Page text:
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Limit of a Sequence

Q: Can Mathematica evaluate the limit of an infinite series where the domain is the natural  numbers? Limit assumes that the function is continuous. For example,
is true if [Graphics:../Images/index_gr_57.gif] but not true if [Graphics:../Images/index_gr_58.gif] is a positive integer (in which case the limit is 0).
A: Andrzej Kozlowski ( answers.
What you really want is to find the limit of a sequence of real numbers,  i.e., a function [Graphics:../Images/index_gr_59.gif] from the positive integers to the reals ([Graphics:../Images/index_gr_60.gif]). Using the fact that [Graphics:../Images/index_gr_61.gif] as [Graphics:../Images/index_gr_62.gif] runs over the integers is equal to [Graphics:../Images/index_gr_63.gif], where [Graphics:../Images/index_gr_64.gif] is an integer, you can get your answer as follows.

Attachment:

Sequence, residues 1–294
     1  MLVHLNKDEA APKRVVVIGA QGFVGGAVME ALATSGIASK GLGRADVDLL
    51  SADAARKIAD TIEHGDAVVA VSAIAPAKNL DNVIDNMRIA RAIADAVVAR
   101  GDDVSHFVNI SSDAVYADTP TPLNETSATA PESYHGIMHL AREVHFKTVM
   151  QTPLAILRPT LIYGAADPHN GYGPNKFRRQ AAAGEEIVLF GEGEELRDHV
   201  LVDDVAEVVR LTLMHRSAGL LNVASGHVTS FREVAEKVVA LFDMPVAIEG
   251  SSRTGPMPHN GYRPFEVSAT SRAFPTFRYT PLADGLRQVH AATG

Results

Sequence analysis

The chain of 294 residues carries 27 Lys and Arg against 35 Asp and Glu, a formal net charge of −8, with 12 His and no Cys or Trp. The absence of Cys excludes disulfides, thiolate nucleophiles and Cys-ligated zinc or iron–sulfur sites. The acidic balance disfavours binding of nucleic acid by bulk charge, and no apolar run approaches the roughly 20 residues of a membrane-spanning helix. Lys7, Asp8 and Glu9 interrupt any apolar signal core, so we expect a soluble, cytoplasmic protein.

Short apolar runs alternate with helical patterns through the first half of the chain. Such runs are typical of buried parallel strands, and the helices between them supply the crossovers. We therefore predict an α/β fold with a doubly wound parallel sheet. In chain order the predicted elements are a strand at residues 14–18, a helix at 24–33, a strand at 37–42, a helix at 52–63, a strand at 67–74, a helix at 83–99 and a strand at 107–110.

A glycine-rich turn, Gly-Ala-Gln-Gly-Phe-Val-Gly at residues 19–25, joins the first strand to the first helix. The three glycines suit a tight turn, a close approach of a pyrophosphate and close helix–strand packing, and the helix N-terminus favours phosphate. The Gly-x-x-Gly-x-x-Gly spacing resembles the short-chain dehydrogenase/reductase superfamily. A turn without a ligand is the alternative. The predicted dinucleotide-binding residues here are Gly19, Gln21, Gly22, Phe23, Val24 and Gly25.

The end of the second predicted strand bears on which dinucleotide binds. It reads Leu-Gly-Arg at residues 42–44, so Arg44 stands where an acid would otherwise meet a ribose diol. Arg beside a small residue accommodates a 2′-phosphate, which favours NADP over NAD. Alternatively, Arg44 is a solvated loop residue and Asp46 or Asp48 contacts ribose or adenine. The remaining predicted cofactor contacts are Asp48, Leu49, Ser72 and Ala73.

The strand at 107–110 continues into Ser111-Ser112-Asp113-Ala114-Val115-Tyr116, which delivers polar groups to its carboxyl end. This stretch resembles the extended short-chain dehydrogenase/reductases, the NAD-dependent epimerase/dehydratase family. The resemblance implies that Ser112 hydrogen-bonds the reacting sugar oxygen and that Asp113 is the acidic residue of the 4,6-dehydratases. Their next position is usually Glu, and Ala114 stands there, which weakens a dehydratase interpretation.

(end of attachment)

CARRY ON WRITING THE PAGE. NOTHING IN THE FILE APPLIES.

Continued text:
When using this method you should make sure that [Graphics:../Images/index_gr_67.gif] is defined in the range of values over which you are taking the sum.  Sometimes the form of the answer is complicated, even in cases which can be  easily solved by using Limit. For example, consider the limit of the function
as [Graphics:../Images/index_gr_69.gif] runs over the integers starting with any [Graphics:../Images/index_gr_70.gif]. Using Sum gives a complicated answer.
Applying FullSimplify yields the correct answer,
which, in this case, is the same as that given by the continuous limit.

Converted by Mathematica      May 8, 2000

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